In the opinion of foodwatch, the most convincing model up to now for a special tax on beverages was presented by the UK at the beginning of 2016. It describes what WHO considers the "gold standard". In the UK, manufacturers must pay taxes for beverages sweetened with sugar based on different levels of sugar content starting in 2018. For beverages containing 5.1 to 8 grams of sugar per 100 millilitres, the manufacturers must pay 18 pence for each litre filled; for beverages containing more than 8 grams of sugar per 100 millilitres, 24 pence must be paid. Initially, the manufacturers have, however, been given two years to reduce the sugar content in their beverages if they want to bypass or reduce the tax. The main goal of the regulation is to create an impetus to improve the recipes. Tesco, the largest food retailer in the country, has already announced plans to reduce the sugar content in their own brand beverages by 50 per cent.  The British treasury estimates income to approx. GBP 1.5 billion during the first three years. This income, however, is not planned to flow into the general national budget: it is to be completely invested in prevention programmes. The volume of sports classes for children is to be doubled and the so-called breakfast clubs are to be expanded where healthy school food is provided.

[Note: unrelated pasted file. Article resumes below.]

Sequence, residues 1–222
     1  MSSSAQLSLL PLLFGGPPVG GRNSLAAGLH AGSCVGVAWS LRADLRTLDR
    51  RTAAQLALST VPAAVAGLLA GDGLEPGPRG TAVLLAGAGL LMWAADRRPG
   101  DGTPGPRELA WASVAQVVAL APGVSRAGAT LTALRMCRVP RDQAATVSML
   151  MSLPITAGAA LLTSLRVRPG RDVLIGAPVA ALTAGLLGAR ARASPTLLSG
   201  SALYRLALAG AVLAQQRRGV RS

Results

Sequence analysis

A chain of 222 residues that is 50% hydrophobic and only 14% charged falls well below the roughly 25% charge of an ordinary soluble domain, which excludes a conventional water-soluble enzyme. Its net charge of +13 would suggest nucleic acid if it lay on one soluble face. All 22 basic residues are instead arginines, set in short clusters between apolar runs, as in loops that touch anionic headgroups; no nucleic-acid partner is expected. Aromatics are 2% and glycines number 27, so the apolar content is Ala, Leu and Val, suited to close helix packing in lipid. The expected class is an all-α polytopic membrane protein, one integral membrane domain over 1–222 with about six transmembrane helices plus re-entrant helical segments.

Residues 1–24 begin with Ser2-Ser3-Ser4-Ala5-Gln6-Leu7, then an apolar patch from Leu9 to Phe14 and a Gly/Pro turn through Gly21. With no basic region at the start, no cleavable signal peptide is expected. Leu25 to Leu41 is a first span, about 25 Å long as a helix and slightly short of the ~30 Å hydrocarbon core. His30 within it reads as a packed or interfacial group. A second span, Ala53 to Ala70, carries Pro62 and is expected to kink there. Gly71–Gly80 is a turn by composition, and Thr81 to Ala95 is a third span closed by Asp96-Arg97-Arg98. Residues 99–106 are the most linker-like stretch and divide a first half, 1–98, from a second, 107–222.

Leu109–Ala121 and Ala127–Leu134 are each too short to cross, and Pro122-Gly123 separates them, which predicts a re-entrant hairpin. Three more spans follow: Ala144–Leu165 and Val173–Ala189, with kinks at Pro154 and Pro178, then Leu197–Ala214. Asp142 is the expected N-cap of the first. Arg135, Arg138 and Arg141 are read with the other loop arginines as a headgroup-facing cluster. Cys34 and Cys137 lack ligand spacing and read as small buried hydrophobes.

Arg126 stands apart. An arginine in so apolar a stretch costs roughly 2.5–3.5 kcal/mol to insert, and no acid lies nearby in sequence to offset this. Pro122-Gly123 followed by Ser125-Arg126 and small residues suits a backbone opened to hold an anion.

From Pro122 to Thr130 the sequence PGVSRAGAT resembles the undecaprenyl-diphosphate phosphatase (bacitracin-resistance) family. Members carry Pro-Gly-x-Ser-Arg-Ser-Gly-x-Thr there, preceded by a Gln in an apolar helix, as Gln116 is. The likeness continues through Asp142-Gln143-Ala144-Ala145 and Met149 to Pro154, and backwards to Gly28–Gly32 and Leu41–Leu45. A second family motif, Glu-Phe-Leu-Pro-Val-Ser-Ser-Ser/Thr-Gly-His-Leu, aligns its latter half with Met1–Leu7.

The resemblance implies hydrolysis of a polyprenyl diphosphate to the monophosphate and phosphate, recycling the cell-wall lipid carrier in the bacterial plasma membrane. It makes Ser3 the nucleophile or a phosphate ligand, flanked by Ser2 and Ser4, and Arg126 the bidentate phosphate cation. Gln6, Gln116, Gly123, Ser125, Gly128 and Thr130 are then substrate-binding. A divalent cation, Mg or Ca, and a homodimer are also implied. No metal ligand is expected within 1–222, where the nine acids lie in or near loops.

Conclusions: Nutrient profiles are essential in the fight against excess weight and chronic diseases. Without differentiating between "healthy" and "unhealthy" foods, numerous important instruments cannot be implemented. The specific criteria can - if a model is weakly designed - considerably water down supportive regulations and even render them ineffective as the example EU Pledge shows. From foodwatch's point of view, nutrient profile models must therefore adhere to strict criteria and respectively only distinguish the healthiest products. In regard to marketing restrictions as well as binding labelling regulations, an EU-wide harmonised approach is necessary due to the EU common market. To restrict advertising aimed at children, WHO Regional Office for Europe has presented a highly suitable model. From the point of foodwatch, this model could also be applied to restrict health-related advertising for foods.